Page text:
We’re just as committed to our morning coffee than you are, but here’s the deal: buying a coffee every day costs you on average, $1,800 a year. The little things really can make a difference between getting by and steaming forward financially. Choosing to invest the money you’d normally spend on a coffee could give you an extra $71,000 in retirement. With that in mind, it might be worthwhile ditching your daily barista coffee for a homemade one. You could even experiment making drinks like cacao, matcha or dandelion lattes that show potential on the health front too. It could become your new favourite hobby.
Walk or bike to work
If you’re fortunate to live close to work, why not walk, run or ride? You’ll be surprised how much you can save on public transport, petrol and parking. Wear a fitness tracking device to watch your steps add up as your savings grow too. If it’s working for you, you could ditch your gym membership and save an additional $1,000 a year.
Cook in bulk
After a long day at work or the kids playing up, it’s tempting to grab take out. But if you cook extra portions and pop them in the freezer, you’ll have a meal that’s ready before your Uber Eats driver. Rather than prepare each meal individually, cook in bulk and portion your meal out into separate containers for dinners throughout the week. That way, if you’re caught up late at work, you can still enjoy a meal that’s likely to be more convenient and nutritionally balanced than take-out. As a bonus, you have better control over your portion sizes and are less likely to overeat.
Plan your shop
Planning out your weekly meals and creating a shopping list not only keeps your nutrition on track, but your spending as well. Carve out time each week to plan your meals in advance and hit the supermarket armed with a list of specific items you need. You’ll avoid stashing your trolly with chips, chocolate and other impulse purchases and your waistline will thank you too.
Stock up on healthy office snacks
If you have healthy snacks stashed in your desk drawer, you’ll be less inclined to head to a café for a chocolate cronut. Fruit, nuts, veggie sticks and hummus, protein balls, quality chocolate and plain Greek yogurt are all healthy and easy to store at the office. But beware of processed snack bars, many are deceptively loaded with sugar.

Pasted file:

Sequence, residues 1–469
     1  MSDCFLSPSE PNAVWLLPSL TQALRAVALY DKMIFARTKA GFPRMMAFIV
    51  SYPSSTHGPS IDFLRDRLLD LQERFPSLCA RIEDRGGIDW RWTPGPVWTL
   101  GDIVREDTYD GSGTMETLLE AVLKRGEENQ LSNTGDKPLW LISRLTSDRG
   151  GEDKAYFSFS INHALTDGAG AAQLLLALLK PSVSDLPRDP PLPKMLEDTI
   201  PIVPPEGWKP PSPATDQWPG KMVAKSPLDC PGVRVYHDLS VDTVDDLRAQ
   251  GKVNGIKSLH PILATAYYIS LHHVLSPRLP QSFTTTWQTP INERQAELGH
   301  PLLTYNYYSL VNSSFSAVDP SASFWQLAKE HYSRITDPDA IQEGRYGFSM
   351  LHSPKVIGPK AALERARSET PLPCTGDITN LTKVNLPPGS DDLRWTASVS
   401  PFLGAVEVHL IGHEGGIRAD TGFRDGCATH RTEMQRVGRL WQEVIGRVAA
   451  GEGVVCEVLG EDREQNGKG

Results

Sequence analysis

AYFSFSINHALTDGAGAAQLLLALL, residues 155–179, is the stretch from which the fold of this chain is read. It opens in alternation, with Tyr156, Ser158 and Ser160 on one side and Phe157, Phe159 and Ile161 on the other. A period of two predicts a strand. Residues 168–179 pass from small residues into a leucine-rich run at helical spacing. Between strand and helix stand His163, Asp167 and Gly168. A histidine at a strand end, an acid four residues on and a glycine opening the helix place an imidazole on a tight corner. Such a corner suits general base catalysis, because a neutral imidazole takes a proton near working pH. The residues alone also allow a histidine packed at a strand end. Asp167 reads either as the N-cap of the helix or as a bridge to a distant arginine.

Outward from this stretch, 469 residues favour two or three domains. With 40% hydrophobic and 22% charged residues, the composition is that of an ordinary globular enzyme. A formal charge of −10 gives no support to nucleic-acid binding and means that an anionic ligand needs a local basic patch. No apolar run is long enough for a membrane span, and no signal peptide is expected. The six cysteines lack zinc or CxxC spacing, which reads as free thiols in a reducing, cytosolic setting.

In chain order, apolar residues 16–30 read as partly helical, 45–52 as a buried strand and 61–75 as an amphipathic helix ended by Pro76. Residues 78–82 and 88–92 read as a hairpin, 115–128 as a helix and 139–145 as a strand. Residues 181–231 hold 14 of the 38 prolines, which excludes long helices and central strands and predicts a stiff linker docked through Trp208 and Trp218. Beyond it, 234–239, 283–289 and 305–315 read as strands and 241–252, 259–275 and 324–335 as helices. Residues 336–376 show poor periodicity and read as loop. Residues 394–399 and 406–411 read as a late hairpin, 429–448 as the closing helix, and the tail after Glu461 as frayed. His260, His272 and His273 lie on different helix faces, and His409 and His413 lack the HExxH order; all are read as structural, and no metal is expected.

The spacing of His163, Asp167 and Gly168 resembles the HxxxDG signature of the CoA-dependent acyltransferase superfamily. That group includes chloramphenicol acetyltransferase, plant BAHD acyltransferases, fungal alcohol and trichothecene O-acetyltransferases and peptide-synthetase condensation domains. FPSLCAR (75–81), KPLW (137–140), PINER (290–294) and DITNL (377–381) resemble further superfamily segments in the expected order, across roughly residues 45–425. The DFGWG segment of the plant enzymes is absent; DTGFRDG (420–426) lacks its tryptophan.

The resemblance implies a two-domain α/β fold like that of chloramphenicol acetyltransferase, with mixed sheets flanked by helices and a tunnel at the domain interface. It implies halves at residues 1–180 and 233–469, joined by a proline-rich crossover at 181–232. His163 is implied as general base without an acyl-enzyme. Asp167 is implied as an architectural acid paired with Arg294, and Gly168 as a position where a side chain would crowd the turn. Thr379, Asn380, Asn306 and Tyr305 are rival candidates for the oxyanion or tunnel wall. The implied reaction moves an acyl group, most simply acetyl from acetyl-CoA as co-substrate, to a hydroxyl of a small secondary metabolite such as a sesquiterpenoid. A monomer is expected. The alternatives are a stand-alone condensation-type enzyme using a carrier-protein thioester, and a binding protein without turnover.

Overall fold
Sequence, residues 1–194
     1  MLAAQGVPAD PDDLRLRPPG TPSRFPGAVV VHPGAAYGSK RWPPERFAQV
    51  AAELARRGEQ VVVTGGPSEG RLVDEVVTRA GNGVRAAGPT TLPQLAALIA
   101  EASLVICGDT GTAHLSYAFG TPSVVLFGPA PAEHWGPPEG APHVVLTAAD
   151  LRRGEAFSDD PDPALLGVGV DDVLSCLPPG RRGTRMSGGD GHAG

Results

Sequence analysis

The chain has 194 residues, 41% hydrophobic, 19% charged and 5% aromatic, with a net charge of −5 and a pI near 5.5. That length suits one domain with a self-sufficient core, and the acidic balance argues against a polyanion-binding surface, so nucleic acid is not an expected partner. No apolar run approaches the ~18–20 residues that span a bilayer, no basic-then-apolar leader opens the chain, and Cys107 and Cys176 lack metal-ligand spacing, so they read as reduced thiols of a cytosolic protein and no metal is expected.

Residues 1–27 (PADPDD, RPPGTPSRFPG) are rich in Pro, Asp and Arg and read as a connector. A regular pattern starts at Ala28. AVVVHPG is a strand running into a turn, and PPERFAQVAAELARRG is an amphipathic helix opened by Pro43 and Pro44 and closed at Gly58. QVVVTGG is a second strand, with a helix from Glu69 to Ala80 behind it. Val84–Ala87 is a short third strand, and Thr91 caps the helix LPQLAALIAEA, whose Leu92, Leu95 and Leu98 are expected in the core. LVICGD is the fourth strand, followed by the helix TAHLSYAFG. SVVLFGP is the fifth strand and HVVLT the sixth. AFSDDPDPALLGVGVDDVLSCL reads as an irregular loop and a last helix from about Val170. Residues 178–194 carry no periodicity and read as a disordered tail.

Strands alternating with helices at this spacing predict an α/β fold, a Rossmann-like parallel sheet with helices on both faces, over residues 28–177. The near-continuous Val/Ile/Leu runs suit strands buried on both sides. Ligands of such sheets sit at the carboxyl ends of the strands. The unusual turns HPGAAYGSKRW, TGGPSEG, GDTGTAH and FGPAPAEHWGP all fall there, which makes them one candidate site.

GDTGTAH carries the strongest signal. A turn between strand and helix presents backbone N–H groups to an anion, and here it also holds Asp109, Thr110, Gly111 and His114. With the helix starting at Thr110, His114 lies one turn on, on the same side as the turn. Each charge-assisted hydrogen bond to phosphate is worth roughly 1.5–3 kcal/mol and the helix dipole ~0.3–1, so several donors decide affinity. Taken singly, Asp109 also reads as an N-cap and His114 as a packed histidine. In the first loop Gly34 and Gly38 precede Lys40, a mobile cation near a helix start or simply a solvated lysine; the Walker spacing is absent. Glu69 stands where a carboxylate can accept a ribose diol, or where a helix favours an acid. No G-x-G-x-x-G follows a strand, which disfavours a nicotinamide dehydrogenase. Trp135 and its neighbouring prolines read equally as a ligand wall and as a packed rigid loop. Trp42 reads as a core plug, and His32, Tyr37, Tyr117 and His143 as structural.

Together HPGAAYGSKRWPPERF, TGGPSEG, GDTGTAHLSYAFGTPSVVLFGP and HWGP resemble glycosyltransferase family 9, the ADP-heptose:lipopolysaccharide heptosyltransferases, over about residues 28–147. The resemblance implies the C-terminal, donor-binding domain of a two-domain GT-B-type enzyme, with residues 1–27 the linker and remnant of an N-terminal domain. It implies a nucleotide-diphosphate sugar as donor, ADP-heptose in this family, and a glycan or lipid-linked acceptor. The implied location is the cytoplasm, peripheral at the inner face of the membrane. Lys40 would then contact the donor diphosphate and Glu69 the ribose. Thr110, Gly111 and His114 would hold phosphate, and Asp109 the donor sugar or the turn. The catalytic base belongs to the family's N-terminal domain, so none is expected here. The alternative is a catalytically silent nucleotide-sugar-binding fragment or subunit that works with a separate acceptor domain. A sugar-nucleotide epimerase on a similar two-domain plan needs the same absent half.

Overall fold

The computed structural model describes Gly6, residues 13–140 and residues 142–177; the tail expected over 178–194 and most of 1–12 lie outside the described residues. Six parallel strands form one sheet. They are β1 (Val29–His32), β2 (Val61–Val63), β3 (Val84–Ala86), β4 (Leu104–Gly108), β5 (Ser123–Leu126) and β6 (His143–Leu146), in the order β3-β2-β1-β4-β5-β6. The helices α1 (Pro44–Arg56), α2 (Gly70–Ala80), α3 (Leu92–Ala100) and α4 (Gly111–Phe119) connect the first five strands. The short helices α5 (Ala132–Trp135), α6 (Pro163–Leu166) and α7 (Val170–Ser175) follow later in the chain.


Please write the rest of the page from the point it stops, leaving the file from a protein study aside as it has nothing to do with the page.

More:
You may think it’s more convenient to buy your lunch each day, but there is nothing faster than cooking a little extra for dinner the night before and putting the leftovers in a takeaway container for tomorrow’s lunch. Not only is this a huge money saving hack, your home cooking is likely to be more nutrient-dense than anything you could buy. Another convenient, healthy idea is to pre-assemble salads for lunch. To prevent a soggy mess use a glass jar, put dressings on the bottom, followed by sturdier vegetables, grains and leafy vegetables. You can make these in bulk to last you a few days if you place a folded paper towel under the lid to absorb any excess moisture.
Swap the soda
One simple way to improve your health, save money and help the environment is good old tap water. Swapping sugary sodas for water can not only save you cash but can also prevent serious health problems, including obesity, diabetes and health disease. If this feels boring and unsustainable to you, try adding fresh cucumber, lemon or mint. If you miss the effervescence of soda, it may be worth investing in a soda stream for sparkling water.
Ditch the gym
Many of us join the egym full of good intentions, but then you hardly ever go. Cancel that pricey membership and find other ways to exercise. Bring your sneakers to work and go for a walk at lunch time. Park far away, race up the stairs instead of taking the elevator, and take a break every hour to move. Covid has forced many of us to find ways to exercise out of the gym and discover this money saving hack. You could run, walk, or do cardio or yoga videos from the comfort of your living room.
Does anyone even smoke anymore? If you’re still smoking it’s time to kick those butts for good. Not only are they harming your heart and lungs (and everything else!) but they’re also doing serious damage to your bank balance. If you spend $35 a day on a pack of ciggies, that’s $12,000 a year you could be saving.
See a financial advisor
Financial advice costs you money in the short term. But a good financial advisor will help you make smart decisions with your money and should give you a strong return on the initial investment. As you gain control over your finances and confidence in your future, your health will benefit from less stress, stronger relationships and sleeping better at night.